"I heard Ben broke up with his girlfriend. I’m sorry.”
“Why not?” “They weren’t good together. They were always fighting.”
“Well, that’s a relief, I guess.”
“Not really. He’s got a new girlfriend. She’s even worse.”
“What’s wrong this time?” “She’s not Jewish.”
“But do they get along?” “Oh yes, they are very compatible. I’ve never seen Ben happier, in fact. They want to get married.”
“So what’s the problem?” “I told you already. She’s not Jewish.”
“But do you like her?” “Of course. But I’d rather he was unhappy with someone Jewish than happy with someone who’s not.”
This is a composite of a real conversation I’ve heard many times over the years in the Jewish world. It’s always struck me as wrongheaded. If you were to substitute a different ethnic or religious descriptor for “Jewish,” you would be immediately (and rightly) called out for prejudice.
Just think of the 2017 hit movie The Big Sick
, where Kamil, a Pakistani Muslim, falls for Emily, who is white. Kamil’s parents, who spend much of the film trying in vain to arrange a marriage for their son, don’t approve. It’s not hard to guess which side we’re supposed to root for.
But in the Jewish world (and for other groups where tribal continuity is a key religious or national value), combating intermarriage is so important we check the moral outrage we’d have for other groups at the door.
There’s a word for this: endogamy. Merriam-Webster defines endogamy as “marriage within a specific group as required by custom or law” and adds that the practice is “characteristic of aristocracies and religious and ethnic minorities in industrialized societies but also of the caste system in India and of class-conscious nonliterate societies such as the Masai of Eastern Africa.”
How is it, then, that highly educated Jews in the 21st century still advocate for endogamy?
It makes sense when you’re in the thick of it. If you believe that Jewish tradition is beautiful and valuable, then sticking to “one’s own kind” may be the best way to ensure that continuity. And certainly, over the years, it’s been a highly successful ethnic strategy.
It’s less of an issue in Israel with its Jewish majority, but it’s not entirely absent either. An interfaith candlelighting at the First Station in Jerusalem for Hanukka last year was repeatedly disrupted by protests from Lehava, an extremist group whose name is a Hebrew acronym for “Prevention of Assimilation in the Holy Land.”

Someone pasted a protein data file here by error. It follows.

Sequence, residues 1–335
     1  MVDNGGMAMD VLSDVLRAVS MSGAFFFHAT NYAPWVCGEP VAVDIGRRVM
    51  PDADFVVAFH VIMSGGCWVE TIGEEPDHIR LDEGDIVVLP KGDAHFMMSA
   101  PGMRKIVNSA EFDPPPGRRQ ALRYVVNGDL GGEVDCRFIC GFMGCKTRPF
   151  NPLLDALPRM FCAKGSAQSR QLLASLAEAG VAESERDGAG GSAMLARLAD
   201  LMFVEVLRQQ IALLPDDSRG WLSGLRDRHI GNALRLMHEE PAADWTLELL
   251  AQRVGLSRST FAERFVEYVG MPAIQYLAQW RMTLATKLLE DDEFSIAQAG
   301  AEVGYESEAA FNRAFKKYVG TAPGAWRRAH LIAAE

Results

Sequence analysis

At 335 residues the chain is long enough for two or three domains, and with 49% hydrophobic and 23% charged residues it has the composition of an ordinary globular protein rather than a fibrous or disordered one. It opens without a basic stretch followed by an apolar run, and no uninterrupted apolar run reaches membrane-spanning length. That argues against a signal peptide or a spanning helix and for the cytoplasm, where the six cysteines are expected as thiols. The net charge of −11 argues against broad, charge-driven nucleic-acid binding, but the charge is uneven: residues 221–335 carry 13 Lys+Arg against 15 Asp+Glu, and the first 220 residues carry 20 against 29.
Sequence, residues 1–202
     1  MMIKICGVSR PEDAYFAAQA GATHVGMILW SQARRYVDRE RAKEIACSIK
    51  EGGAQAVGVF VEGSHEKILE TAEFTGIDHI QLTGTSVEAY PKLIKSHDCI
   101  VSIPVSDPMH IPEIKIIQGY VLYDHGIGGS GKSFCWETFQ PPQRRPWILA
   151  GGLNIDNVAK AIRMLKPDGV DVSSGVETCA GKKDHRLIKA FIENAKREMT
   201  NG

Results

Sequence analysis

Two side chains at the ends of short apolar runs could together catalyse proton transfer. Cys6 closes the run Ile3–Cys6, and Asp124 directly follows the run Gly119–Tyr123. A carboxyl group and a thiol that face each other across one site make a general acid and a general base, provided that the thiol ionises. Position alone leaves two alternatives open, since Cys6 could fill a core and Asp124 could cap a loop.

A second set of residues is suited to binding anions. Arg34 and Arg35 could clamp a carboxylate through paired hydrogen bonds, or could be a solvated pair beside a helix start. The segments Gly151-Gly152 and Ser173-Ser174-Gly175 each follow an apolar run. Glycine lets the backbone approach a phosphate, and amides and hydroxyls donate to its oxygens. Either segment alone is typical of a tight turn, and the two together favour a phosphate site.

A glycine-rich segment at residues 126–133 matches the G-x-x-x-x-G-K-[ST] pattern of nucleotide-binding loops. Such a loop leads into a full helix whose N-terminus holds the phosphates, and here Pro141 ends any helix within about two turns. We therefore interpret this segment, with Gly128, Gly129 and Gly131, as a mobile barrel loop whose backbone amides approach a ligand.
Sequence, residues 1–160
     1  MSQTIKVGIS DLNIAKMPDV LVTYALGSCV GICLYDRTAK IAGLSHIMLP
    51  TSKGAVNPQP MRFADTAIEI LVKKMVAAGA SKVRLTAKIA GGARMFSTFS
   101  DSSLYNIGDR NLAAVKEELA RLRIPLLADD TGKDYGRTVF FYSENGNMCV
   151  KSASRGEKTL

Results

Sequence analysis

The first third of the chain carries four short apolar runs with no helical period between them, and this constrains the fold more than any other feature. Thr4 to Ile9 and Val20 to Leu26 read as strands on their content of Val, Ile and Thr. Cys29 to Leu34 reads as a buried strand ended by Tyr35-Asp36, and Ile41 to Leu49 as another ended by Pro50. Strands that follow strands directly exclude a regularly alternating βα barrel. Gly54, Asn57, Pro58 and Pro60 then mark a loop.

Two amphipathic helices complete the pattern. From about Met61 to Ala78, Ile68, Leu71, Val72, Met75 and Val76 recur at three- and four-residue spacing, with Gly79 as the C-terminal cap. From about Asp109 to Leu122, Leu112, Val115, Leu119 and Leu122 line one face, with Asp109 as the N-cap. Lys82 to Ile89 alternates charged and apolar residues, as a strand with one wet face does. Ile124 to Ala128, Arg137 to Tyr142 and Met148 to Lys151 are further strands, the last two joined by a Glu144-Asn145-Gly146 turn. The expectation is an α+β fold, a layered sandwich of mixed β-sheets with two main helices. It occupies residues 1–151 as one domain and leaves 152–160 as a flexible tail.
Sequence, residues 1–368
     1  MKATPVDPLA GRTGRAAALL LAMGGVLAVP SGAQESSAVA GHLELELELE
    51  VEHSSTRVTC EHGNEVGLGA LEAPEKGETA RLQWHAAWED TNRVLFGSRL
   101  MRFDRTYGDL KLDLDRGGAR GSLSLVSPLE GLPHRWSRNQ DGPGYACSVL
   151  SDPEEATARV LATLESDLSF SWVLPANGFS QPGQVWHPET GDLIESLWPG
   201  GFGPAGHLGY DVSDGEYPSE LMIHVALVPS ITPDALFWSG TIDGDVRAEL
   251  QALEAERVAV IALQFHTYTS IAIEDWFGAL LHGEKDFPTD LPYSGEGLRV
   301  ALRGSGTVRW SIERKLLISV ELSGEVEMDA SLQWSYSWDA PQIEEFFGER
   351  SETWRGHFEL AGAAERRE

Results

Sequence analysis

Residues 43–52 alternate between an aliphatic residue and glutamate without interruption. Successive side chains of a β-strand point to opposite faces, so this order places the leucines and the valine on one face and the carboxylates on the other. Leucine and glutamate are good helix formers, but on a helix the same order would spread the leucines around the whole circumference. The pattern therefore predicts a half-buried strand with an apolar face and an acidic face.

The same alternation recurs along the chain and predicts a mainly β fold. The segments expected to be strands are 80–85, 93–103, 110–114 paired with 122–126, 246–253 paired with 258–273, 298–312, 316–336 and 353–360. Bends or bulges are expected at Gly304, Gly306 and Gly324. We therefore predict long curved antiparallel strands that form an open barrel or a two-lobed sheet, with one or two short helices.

Most Jews would agree that support for endogamy sounds outrageous when applied to other groups. Moreover, it’s totally out of sync with today’s millennials, for whom endogamy is an absolute no-go.
That includes millennial Jews in the Diaspora, where dating someone who’s of a different faith is not just a demographic reality but a politically correct imperative.
Anti-endogamous millennials can argue that, now that we know more than our ancestors did about genetics, in-marrying is a biological mistake, leading to a greater chance of propagating DNA mutations and depleting genetic diversity.
Endogamy conflicts with the liberal American values I grew up with. And yet, I’m conflicted. I love being Jewish, so I married a Jewish woman.
But that muddled message is increasingly falling on deaf ears. You want to win the intermarriage battle among Millennials? You can’t – at least not without promoting what comes across as racism masquerading as religion.
Move to Israel like we did as a solution, where our children have a much more likely chance of marrying another Jew? That might work for some, although these days, most Jews making aliya from Western countries are those already supporting endogamy.
Embrace both patrilineal and matrilineal descent, where a child is considered Jewish if either the child’s father or mother is? That increases the pool of Jews but still doesn’t address the core liberalism vs endogamy dilemma.
My colleague Dan Libenson has been thinking about this, too. Dan cohosts the podcast “Judaism Unbound,” which tries to imagine what the future of Judaism, particularly in North America, will look like.
Judaism’s deep-seated cultural attachment to endogamy has made Jews “who marry non- Jews feel ‘less than’ in the Jewish community and it makes them less likely to get involved,” Libenson says. That aversion creates a self-fulfilling feedback loop that works against the Jewish community’s objective of increasing meaningful Jewish engagement.
If Judaism is defined around an idea “that intermarried Jews and their families cannot by definition achieve, they are going to be more likely to see it as something that is not for them,” he adds.
Libenson imagines that if Judaism were to adopt an anti-endogamous position, that message would eventually fall by the wayside. “It might take a few generations and we may see decreased Jewish practice in the children of intermarried couples in the meantime, but that doesn’t necessarily mean it will stay that way.”
More than that, Libenson doesn’t think the communal aim “should be easy continuity. I don’t see ‘some Jewish practice continuing through the generations’ as a worthy goal. Endogamy is basically a way to avoid the hard work.”
The argument against endogamy is, for the Jewish Diaspora, much like the case I’ve made in previous columns for a Jewish future in Israel driven by datlashim (formerly religions Jews). Both involve extraordinary struggles for the soul of our people and will require intense creativity. But we can’t avoid either.
Can we wish Ben and his partner a happy life together? Can we afford not to?
The writer’s book, Totaled: The Billion-Dollar Crash of the Startup that Took on Big Auto, Big Oil and the World, is available on Amazon and other online booksellers. brianblum.com
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